The optional Burmester Surround Sound audio system is among the best we’ve tested. The ultimate test for this was how much volume was needed to listen clearly to podcast episodes while carving through a technical canyon road, as well as cruising at higher RPMs on the highway. We never had to crank the volume, and satellite radio came through with tons of clarity to boot.
Fun, Solid Suspension and Handling
We pondered the question of whether this is the 2020 version of the 190 Evo Cossie further behind the wheel of the CLA35 AMG. The dynamics and handling were quite good, and accompanied the quick-shifting 7-speed dual clutch gearbox and torquey turbo engine quite well.
Whether the AMG Ride Control Sport Suspension was configured to Comfort or Sport, or Sport+, the ride quality was quite good, and despite being pretty stiff all-around, it was never jarring, and felt very solid. Even in Comfort it still felt a bit stiff; there was always enough athleticism in the ride to remind us we were in an AMG-badged Benz. The adaptive dampers still did a good job ironing out a lot of imperfections. This was most noticeable on the highway rolling across surfaces that have been turned into the face of a massive golf ball thanks to SoCal’s hot sun and notorious bumper-to-bumper traffic.
In Sport and Sport+ modes, imperfections in the road never felt too jarring, and the lack of body roll while cornering was very confidence inspiring. Slicing through a flowing-yet-technical canyon road was an absolute pleasure behind the wheel of the AMG with its four-wheel independent suspension, consisting of double wishbone/MacPherson front and multi-link rear. All-around grip and turn-in were great, we were very impressed with the amount of speed we could comfortably and confidently hold in advisory speed limit sections of winding tarmac. The chassis transmitted a lot of feedback, too, despite the numb steering feel (par for the course in this day and age).
We felt the tail come out just a touch at times, perhaps as a little reminder that we didn’t have the smoothest of inputs. Though any drama was quickly addressed by the AWD, making the whole experience feel very planted and sharp. Sure, we would’ve loved to remedy some tail-out fun with a little opposite lock, but excellent grip is excellent grip. Like its competitor by BMW, the CLA35 AMG is not drift-able. This was less of a downer in the MB than the Bimmer, because to us, BMWs are more well-known for their tail-happy antics. Though, its more powerful sibling the CLA45 AMG has the ability to send all-or-most of its power to the rear wheels, making drifts quite possible; we do wish we could’ve experienced that in the 35.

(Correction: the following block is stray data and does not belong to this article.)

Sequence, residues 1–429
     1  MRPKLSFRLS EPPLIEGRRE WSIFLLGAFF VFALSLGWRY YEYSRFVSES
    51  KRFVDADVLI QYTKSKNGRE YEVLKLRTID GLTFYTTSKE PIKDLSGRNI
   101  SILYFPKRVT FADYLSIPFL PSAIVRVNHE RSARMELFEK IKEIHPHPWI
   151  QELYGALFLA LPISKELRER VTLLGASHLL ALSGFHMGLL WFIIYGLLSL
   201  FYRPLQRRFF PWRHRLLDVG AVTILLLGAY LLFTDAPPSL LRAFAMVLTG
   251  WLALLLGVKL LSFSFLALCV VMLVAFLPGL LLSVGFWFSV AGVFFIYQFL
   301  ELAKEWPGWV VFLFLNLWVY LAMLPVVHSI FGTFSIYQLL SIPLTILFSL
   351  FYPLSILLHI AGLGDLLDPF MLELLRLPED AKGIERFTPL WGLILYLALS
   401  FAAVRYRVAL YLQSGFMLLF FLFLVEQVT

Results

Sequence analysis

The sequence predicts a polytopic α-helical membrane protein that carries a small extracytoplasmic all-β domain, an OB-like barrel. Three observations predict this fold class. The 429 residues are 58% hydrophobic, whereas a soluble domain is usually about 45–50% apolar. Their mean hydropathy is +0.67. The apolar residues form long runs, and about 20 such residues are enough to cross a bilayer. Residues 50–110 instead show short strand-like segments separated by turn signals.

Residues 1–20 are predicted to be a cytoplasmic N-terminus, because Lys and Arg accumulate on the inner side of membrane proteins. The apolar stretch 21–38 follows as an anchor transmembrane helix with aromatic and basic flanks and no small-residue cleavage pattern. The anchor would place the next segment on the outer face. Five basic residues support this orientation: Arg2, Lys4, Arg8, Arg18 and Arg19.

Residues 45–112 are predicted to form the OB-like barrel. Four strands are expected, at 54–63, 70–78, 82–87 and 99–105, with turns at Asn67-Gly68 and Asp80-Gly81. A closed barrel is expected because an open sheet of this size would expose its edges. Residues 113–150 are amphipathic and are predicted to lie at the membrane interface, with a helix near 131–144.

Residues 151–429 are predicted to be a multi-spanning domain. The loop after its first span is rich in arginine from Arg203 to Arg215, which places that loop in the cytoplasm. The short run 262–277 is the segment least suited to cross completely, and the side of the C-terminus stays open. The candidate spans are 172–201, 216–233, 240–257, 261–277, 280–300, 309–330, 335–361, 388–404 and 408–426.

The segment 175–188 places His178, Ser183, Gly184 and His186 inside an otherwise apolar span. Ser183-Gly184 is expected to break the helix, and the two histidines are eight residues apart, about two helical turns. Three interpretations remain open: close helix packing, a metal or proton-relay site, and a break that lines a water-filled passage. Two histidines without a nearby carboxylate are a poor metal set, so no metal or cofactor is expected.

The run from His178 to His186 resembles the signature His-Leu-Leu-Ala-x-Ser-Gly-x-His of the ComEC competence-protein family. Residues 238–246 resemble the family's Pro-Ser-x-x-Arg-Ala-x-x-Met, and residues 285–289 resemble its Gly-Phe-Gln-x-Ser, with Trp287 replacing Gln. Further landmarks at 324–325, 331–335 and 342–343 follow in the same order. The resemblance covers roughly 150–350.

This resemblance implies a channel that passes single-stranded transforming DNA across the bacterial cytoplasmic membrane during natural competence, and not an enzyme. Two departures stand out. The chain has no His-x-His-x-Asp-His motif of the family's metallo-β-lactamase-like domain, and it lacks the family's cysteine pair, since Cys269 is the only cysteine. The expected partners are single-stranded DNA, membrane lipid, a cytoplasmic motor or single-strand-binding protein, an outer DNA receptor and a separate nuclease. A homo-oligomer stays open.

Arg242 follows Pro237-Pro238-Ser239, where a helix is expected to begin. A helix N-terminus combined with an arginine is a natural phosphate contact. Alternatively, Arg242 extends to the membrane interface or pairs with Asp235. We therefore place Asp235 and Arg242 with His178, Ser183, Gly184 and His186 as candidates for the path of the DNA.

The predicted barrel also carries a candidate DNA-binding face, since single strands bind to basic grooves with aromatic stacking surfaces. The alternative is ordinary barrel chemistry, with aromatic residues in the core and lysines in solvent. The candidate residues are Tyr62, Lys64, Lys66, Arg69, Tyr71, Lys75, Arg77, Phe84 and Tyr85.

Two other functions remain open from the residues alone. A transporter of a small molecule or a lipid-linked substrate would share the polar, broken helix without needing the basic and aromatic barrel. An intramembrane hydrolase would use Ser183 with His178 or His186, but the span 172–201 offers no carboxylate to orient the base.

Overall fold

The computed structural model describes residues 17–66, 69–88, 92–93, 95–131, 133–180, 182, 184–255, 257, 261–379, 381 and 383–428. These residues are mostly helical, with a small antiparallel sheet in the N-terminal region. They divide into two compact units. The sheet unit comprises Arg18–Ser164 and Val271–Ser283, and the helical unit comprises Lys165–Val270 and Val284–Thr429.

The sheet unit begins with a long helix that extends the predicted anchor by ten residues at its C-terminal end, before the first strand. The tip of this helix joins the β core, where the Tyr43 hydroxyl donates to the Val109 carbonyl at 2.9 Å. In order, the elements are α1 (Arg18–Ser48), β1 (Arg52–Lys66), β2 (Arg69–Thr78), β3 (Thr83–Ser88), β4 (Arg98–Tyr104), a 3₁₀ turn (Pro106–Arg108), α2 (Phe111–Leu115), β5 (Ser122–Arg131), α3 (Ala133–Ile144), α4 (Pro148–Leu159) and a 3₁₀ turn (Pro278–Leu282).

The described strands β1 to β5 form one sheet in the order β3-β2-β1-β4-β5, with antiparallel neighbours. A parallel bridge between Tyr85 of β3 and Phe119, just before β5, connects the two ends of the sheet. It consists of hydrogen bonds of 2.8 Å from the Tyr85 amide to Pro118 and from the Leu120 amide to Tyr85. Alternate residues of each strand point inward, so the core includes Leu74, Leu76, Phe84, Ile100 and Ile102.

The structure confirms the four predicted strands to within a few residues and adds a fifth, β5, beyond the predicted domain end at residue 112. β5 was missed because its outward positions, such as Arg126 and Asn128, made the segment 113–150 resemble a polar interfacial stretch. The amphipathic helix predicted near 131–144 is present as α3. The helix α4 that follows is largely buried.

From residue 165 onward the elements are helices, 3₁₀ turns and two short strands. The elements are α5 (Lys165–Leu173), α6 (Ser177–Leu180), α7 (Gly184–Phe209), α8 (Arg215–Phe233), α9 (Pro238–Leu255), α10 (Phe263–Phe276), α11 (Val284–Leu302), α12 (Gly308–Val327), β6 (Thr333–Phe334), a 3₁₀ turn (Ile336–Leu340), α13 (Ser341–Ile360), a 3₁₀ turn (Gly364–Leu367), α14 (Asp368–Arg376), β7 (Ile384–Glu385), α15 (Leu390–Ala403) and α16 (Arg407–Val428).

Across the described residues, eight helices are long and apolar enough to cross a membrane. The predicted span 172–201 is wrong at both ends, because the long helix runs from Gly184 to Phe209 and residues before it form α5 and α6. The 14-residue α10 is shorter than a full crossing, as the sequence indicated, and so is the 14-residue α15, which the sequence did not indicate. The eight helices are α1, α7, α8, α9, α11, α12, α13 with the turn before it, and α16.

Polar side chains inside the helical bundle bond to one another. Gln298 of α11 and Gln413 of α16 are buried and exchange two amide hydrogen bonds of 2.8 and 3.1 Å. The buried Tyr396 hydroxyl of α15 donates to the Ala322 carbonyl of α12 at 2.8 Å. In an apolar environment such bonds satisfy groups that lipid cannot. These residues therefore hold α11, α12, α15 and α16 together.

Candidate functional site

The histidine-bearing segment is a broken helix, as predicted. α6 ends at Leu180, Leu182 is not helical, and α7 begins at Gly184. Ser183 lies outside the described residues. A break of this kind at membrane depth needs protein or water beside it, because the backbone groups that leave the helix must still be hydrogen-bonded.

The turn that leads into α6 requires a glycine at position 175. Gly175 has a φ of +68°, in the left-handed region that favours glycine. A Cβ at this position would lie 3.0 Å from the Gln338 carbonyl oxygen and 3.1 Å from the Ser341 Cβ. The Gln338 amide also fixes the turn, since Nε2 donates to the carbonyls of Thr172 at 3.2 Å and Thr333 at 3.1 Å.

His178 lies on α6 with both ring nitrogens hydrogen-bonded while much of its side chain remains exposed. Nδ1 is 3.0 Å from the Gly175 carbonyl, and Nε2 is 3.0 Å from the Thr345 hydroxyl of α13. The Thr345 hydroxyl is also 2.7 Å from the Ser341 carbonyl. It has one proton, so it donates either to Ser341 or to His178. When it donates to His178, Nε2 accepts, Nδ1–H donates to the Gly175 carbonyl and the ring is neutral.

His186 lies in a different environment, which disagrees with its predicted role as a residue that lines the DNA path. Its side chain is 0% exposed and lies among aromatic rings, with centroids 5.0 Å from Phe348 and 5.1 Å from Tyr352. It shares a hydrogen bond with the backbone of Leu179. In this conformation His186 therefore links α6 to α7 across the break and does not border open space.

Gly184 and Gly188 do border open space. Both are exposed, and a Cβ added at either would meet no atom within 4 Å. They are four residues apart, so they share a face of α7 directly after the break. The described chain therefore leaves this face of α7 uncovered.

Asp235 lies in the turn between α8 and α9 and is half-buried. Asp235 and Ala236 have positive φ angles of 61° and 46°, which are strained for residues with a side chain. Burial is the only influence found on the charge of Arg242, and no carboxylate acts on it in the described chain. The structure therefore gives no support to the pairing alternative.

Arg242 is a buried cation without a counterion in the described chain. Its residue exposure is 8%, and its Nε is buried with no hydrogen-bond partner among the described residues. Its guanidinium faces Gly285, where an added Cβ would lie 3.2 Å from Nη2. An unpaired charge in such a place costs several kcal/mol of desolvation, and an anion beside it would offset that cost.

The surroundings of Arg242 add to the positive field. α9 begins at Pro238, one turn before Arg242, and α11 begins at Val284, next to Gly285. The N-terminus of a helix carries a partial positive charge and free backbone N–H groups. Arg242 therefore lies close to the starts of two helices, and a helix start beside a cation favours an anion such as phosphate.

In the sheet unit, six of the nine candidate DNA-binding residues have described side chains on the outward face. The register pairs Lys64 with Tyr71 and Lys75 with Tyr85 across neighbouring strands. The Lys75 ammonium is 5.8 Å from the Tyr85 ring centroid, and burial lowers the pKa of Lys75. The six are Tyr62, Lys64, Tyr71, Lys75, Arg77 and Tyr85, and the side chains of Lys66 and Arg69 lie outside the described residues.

Torquey, Fast-Revving Performance
Going a bit more in-depth with the CLA’s performance, 0-60 MPH can be quite easily achieved in around 4.5-5 seconds. Thanks to intuitive, quick-to-configure, easy-to-use launch control, this German gran coupe digs in and lunges off the line with tons of gusto. It revs out 1st and 2nd gear quite quickly to the tune of 6000 RPM (below its 7000 RPM redline), and spins to about the middle of the tach in 3rd before 60 is reached. With 302 horsepower and 298 Lbs.-feet of torque on tap to haul all of its 3500 lbs., getting up to speed is an absolute breeze.
The engine's exhaust note was very good, even if a pretty big portion of it was artificial; we've made peace with today's prevalence of fake exhaust tones. If it sounds good, it sounds good. While cruising around in Sport+ with the windows down however, one can actually hear the angry 4-cylinder engine's turbo noises and baritone exhaust growl. Strong marks for MB for making this possible.
Since it’s just an angry little 4-cylinder turbo mated to a 7-speed dual clutch gearbox, Mercedes states fuel economy can be as good as 23 MPG city and 29 highway; we did not observe this ourselves, as this AMG was too fun to be fuel-conscious behind the wheel of. We’d say Mercedes’ published economy is good for its size and power, though range is lacking as it only has a 13.5 gallon tank.
Quick-Shifting Dual Clutch Gearbox, Albeit Clunky At Times
The AMG SPEEDSHIFT DCT 7-speed transmission performed pretty well, albeit had some downsides. Perhaps this could be due to our tester being a knackered press car, but we found the transmission to be a tad clunky at times. Under normal, easy-going commuting, shifts accompanying light-to-moderate throttle around town and on the highway were very smooth. The clunkiness became apparent when shifting into reverse or first gear in the morning after a night’s rest: it took a bit longer to engage than we’ve experienced with other dual-clutch gearboxes. Its shifts were also quite harsh when jumping off the line and doing a launch, or downshifting before turn-in on fun canyon roads. During enthusiastic driving in general, upshifting and downshifting weren’t the smoothest; again, we’re thinking the gearbox had a hard life before it was in our possession. Though, if this is indeed how this transmission shifts fresh from the factory, we prefer the 8-speed automatic gearbox by ZF in the BMW M235i xDrive Gran Coupe.
Final Thoughts: A Very Good Car
To answer the very subjective question is this the 2020 version of the 190E Cossie?: no, it isn’t. However, considering where the CLA is size-wise in MB’s lineup, it’s sporty styling, four doors, motorsports-inspired accents, hopped-up engine, fun-to-drive dynamics, and sporty interior, it’s quite apparent that the CLA35 AMG and legendary W201 are cut from the same performance-loving cloth, just a good 30 years apart, and the CLA isn't homologated. For consumers after all of the above, plus one of the best infotainment systems available today, as well as a host of advanced driver aids to improve safety, then we find it to be a solid buy, transmission roughness or not.
As far as how it stacks up against its rival the 2020 BMW M235i xDrive Gran Coupe, it really comes down to brand allegiance, as well as what consumers think of each car’s looks and amenities. They’re both very good 4-door luxury compact sedans. They’re also both fun to drive, and are quite close dimensionally. The Benz beats the Bimmer with tech and luxury, though it’s priced over $11,000 higher, with most of its expensive options claiming this higher cost.